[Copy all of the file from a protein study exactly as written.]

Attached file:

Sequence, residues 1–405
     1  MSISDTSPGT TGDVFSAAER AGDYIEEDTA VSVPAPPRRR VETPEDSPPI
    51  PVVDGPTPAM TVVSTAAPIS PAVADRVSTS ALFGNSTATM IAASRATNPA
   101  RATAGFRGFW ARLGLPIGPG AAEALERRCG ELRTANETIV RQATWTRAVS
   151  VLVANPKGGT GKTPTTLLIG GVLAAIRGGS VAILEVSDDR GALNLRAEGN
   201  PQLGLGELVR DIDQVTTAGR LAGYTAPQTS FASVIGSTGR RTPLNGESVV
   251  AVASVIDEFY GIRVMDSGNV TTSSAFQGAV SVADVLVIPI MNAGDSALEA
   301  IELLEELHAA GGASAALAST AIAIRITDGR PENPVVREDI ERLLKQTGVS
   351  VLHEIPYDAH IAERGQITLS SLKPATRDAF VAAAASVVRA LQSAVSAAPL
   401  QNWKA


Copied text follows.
Sequence, residues 1–405
     1  MSISDTSPGT TGDVFSAAER AGDYIEEDTA VSVPAPPRRR VETPEDSPPI
    51  PVVDGPTPAM TVVSTAAPIS PAVADRVSTS ALFGNSTATM IAASRATNPA
   101  RATAGFRGFW ARLGLPIGPG AAEALERRCG ELRTANETIV RQATWTRAVS
   151  VLVANPKGGT GKTPTTLLIG GVLAAIRGGS VAILEVSDDR GALNLRAEGN
   201  PQLGLGELVR DIDQVTTAGR LAGYTAPQTS FASVIGSTGR RTPLNGESVV
   251  AVASVIDEFY GIRVMDSGNV TTSSAFQGAV SVADVLVIPI MNAGDSALEA
   301  IELLEELHAA GGASAALAST AIAIRITDGR PENPVVREDI ERLLKQTGVS
   351  VLHEIPYDAH IAERGQITLS SLKPATRDAF VAAAASVVRA LQSAVSAAPL
   401  QNWKA